Published April 30, Well, not us. We at the Grapevine have spent our pandemic time eating clean, meditating, reorganising our houses, creating mood boards, getting creative, and—obviously—working out a ton. You want a hot body?
Sons of the Soil (1920)
What is the Reykjavik Grapevine?
Once, many moons ago, I spent a month in Iceland with too little money and nothing to slow a march of days that seemed already to be getting much too short. I spent much of the month walking through unfamiliar neighborhoods, trying to imagine what it would be like to make a life in each. I had come to Iceland on a small research stipend, after three months of failing to support myself in New York. In the evenings, I would wander to the waterfront or read by the big downtown pond. Weekend nights were different, because that was when the city came alive:. Q: I went out last weekend and when I woke up the next morning my shoes were covered with mud. Can anyone explain to me what happened? Finally, I came back to the hostel one Saturday evening to find my room overtaken by three Swedes. The floor was strewn with empty half-litre cans of Carlsberg; when they offered one to me, I asked what brought them to Iceland.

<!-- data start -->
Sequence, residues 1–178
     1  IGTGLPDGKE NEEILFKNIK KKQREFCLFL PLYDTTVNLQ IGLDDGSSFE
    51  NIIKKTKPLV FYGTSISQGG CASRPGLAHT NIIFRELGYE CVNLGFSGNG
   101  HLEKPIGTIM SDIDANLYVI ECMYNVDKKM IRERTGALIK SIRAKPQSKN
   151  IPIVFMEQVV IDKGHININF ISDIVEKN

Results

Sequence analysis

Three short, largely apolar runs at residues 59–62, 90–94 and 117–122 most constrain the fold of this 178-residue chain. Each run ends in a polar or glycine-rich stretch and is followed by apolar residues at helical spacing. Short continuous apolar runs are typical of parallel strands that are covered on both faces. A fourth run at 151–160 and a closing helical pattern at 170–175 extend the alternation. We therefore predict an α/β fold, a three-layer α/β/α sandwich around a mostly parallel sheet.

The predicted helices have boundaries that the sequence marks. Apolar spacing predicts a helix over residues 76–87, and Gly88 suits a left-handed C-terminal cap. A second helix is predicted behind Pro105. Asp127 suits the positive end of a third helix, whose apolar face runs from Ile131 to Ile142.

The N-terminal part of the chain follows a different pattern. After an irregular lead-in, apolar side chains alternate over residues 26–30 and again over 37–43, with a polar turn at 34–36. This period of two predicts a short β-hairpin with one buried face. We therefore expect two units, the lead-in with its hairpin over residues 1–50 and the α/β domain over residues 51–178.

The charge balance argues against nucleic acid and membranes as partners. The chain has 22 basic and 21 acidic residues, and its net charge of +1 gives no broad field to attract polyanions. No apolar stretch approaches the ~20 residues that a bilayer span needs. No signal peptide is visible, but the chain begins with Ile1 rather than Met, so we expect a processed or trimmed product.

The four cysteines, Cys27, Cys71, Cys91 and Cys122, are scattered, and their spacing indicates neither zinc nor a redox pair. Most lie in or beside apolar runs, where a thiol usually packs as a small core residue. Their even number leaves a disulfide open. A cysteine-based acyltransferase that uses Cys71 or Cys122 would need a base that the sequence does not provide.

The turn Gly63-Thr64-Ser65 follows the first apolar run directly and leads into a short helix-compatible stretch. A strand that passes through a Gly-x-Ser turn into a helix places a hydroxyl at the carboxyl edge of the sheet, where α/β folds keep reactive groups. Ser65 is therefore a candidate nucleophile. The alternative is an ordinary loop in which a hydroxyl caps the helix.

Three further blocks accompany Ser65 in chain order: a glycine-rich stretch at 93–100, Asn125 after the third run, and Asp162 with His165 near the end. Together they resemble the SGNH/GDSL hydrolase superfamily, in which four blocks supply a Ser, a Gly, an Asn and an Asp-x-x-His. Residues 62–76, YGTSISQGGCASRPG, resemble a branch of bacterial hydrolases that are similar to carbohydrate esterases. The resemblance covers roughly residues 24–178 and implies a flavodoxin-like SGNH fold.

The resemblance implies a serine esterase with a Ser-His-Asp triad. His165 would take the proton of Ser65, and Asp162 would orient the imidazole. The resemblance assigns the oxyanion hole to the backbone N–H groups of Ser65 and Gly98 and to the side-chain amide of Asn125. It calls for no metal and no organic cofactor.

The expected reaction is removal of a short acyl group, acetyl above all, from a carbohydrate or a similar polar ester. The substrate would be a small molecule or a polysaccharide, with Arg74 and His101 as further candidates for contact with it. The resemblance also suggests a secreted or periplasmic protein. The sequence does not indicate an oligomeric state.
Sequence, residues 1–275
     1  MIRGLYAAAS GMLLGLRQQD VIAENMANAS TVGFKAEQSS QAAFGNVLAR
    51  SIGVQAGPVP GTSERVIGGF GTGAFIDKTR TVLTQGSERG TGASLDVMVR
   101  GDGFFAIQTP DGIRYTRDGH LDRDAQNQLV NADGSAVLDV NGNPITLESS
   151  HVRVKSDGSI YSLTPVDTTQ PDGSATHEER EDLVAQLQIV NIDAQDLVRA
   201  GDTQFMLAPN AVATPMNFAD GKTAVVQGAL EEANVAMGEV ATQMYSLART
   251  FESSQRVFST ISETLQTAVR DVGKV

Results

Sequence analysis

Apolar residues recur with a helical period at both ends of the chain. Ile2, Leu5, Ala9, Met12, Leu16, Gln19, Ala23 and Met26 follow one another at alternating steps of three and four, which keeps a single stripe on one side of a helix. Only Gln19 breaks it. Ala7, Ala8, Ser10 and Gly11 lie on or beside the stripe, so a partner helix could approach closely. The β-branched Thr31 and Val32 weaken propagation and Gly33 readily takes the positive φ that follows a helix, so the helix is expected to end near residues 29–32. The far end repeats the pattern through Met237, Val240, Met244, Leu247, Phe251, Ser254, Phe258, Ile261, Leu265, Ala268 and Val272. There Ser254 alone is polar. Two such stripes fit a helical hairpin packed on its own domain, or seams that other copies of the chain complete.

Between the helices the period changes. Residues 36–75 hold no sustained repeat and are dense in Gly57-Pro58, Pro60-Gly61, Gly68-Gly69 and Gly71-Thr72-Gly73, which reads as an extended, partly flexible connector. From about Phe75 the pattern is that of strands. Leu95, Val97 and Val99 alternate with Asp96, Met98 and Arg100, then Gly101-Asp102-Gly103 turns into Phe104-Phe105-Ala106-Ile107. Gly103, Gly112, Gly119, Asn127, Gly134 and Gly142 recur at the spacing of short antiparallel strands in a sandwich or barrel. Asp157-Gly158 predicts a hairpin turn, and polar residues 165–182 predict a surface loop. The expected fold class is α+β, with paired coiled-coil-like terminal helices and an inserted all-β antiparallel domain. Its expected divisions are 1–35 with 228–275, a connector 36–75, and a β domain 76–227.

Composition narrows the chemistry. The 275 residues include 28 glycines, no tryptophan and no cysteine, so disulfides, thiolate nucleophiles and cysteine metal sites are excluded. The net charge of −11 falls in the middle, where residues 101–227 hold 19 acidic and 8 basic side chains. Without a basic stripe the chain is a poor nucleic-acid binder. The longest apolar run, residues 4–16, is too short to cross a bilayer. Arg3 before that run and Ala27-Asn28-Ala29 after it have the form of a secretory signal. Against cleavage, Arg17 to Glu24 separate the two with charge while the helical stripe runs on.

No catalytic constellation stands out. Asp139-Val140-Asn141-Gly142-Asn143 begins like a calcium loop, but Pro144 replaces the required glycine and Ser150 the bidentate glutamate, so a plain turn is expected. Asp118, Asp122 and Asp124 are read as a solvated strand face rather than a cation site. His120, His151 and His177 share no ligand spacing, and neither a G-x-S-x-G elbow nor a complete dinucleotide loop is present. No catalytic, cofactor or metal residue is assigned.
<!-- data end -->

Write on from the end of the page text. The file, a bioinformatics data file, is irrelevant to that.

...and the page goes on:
Movies Filmed in Iceland. Iceland has a rich and varied history when it comes to both the big and the small screen. Gislason is considered to have kickstarted Icelandic cinema, as this was the first major feature to be filmed on the island. The silent film was shot in black and white at various locations around Iceland in the summer of They used three helicopters along with a purpose-built boat to get the elaborate shots that they needed to make the action-packed sequence. At the end of the scene, James Bond played by Roger Moore is chased by a helicopter along a reservoir. In true Bond fashion, he shoots the helicopter, which then instantly bursts into flames before crashing into an iceberg. To evade capture, Bond hides in a submarine disguised as an iceberg — we told you it was elaborate! So dangerous was the filming that leading man, Roger Moore never actually set foot in Iceland — only his stunt double.
He felt he was being followed. His dog barked in the middle of the night. His wife saw fleeting figures lurking around their home. One night he awoke to find his front door open. And now, to top it off, he was sick. Nausea rose up within him in waves as he made his rounds. He worked the night shift, which meant intermittent inspections from dusk to dawn, patrolling the grounds for any signs of trouble. The result was always the same: nothing. He was the lone guard at the Advania data center, housed in a former U. His job was to keep watch over two hangar-like buildings that held rows of small, box-like computers, the size of two cartons of cigarettes, stacked in towers as far as the eye could see.